With her defeat all but certain, Hillary Clinton struggled in 2008 to explain why she refused to concede the Democratic nomination fight to Barack Obama. “We all remember Bobby Kennedy was assassinated in June in California,” she said.
The response was universally harsh. Her team quickly explained that Clinton meant to note simply that this was not the first primary campaign to stretch into the summer, not to suggest that Obama might be assassinated. She publicly apologized to the Kennedy family.
The incident showed how desperate Clinton was to win, how ham-fisted she could be as a candidate, and how far she would stretch to parse a political gaffe.
Donald Trump’s defenders are dredging up the Kennedy quote to defend a far more grotesque comment their candidate made Tuesday.
Hillary wants to abolish, essentially abolish the Second Amendment. If she gets to pick her judges, nothing you can do, folks. Although the Second Amendment people—maybe there is, I don’t know.
But—but I’ll tell you what. That will be a horrible day. If—if Hillary gets to put her judges—right now, we’re tied. You see what’s going on.
I’m not a mind reader, so I don’t know what Trump meant to suggest when he said, “maybe there is” something Second Amendment supporters can do to prevent Clinton from picking judges.
But it almost doesn’t matter what Trump meant to say, because of the truth in this maxim about leadership: What you say isn’t nearly as important as what people hear you say.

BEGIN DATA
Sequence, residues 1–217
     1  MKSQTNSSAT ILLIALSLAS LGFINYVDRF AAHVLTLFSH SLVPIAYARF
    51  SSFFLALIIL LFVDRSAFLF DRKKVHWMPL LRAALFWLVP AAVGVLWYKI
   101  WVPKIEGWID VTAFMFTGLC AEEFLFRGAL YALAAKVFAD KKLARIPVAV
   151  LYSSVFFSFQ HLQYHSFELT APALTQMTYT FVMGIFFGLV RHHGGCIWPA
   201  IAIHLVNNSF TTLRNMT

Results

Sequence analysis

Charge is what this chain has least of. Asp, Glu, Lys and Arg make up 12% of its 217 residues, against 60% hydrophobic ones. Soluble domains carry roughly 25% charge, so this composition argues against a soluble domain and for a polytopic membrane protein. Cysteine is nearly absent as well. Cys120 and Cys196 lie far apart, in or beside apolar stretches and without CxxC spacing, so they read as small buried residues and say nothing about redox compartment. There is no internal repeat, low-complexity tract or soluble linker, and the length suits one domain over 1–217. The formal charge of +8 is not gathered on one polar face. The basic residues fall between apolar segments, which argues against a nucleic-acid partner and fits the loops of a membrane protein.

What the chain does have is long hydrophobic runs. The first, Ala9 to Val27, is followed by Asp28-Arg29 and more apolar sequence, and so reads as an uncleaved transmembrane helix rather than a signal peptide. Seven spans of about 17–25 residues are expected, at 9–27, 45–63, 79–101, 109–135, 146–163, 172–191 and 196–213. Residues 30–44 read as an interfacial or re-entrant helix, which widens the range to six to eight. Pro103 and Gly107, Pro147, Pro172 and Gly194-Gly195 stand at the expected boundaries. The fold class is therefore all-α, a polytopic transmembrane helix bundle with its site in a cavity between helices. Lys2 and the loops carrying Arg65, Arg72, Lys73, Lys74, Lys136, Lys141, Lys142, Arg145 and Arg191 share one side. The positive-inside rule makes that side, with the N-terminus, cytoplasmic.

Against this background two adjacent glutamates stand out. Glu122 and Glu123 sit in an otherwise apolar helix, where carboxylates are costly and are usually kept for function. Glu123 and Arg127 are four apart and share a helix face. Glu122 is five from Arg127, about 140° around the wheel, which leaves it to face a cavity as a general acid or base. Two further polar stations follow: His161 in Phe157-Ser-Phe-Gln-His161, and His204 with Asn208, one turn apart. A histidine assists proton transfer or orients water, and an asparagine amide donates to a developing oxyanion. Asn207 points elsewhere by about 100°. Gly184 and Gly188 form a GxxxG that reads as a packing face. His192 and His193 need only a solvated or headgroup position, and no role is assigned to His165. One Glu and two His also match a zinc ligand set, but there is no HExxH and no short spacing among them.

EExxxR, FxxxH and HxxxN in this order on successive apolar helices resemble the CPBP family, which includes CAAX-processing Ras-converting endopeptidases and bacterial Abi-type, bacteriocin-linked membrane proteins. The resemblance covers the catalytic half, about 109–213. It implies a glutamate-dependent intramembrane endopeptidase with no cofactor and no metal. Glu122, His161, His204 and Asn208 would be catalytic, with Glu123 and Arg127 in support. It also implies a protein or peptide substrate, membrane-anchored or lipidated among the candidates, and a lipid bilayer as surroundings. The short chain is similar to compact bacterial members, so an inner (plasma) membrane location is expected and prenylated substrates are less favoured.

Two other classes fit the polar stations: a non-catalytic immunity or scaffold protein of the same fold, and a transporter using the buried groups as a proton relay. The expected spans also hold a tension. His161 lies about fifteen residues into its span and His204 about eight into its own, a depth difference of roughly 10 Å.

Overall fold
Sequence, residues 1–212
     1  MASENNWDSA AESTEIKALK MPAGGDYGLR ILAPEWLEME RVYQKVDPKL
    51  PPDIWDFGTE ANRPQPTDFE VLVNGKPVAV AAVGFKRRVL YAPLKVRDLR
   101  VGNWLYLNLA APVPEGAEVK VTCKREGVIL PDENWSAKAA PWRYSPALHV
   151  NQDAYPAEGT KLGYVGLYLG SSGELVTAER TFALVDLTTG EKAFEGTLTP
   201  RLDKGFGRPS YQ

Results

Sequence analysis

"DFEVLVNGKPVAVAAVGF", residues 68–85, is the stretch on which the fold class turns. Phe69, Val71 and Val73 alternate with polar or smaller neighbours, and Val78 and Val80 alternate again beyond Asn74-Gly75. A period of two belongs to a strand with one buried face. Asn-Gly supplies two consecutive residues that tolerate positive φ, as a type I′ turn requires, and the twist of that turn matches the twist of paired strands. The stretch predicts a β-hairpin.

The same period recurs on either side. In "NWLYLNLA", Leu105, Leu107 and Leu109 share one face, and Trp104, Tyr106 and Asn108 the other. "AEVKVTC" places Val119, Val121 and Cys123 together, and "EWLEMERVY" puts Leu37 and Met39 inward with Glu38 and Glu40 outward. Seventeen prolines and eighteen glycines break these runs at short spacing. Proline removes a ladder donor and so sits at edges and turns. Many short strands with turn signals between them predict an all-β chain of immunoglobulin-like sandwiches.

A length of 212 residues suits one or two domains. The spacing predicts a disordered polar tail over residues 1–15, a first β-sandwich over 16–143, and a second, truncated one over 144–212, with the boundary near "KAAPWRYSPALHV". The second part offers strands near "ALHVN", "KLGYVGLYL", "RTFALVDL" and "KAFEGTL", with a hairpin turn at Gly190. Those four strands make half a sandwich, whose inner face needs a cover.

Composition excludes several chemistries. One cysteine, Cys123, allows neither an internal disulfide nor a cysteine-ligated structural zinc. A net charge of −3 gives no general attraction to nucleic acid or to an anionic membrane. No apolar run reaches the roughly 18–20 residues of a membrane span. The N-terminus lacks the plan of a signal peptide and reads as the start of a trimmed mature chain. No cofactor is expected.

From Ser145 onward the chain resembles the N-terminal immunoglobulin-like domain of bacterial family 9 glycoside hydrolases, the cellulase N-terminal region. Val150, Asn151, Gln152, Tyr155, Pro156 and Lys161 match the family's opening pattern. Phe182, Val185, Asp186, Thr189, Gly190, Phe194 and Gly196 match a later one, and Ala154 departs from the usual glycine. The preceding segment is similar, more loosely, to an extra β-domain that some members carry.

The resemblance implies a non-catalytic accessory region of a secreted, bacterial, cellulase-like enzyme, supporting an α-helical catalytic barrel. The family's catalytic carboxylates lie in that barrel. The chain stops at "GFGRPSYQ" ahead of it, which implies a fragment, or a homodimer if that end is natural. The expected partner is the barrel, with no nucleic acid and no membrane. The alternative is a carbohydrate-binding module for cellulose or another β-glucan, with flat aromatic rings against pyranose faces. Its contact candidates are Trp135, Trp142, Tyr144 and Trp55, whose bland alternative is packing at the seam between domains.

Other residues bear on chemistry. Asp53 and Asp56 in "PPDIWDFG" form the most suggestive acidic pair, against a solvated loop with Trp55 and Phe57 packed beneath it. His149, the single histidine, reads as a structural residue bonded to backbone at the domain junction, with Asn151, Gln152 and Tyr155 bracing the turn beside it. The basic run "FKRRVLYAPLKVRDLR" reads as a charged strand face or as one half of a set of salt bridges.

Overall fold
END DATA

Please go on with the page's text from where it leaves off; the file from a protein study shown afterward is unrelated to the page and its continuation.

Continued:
What did people hear?
First, they heard Trump again and again, throughout the primary campaign, discuss violence at his rallies with language that was either recklessly provocative or purposely inciting.
They heard an adviser to Trump say that Clinton should face a firing squad for her handling of the Benghazi raid and her private email server.
They heard Trump lie about Clinton’s approach to the Second Amendment: She does not want to abolish it.
They heard Trump say there is nothing a gun-rights advocate can do to stop her from appointing liberal judges.
They heard him say, wait—maybe there is something you can do.
They heard Trump say the election itself is rigged — that Clinton might steal the election, a baseless charge befitting not a democracy, but a banana republic on verge of revolution.
The people who are listening most closely to Trump tend to be those Americans most buffeted by economic and social change; least trusting in government, the media, and other social institutions; most enraged at the status quo, liberalism, and Washington; most likely to view Clinton as evil, the living embodiment of all they hate about politics and 21st-century America; and, finally, most likely to be exploited by Trump.
Many of them buy his spin. Trump says he was merely suggesting that gun-rights supporters will vote against Clinton. Right—and Clinton in 2008 was merely noting that Democratic campaigns run into the summer.
Unlike Trump, Clinton:
- In no way suggested or implied that Obama be killed for his political views.
- Apologized for reckless language that could be misinterpreted.
- Never spoke of it again.
I believe most Trump supporters are actually smarter than their candidate and more tolerant. They aren’t insecure bullies and bigots and sexists, but they are so desperate for change that they’re willing to roll the dice.
We will not see an army of Clinton haters take up arms against her.
But it only takes one.
If Trump meant to incite violence, he should be in jail. If this was an accident—if Trump doesn’t understand the danger he loaded into his language; if he doesn’t know how to measure his words—he should not be president.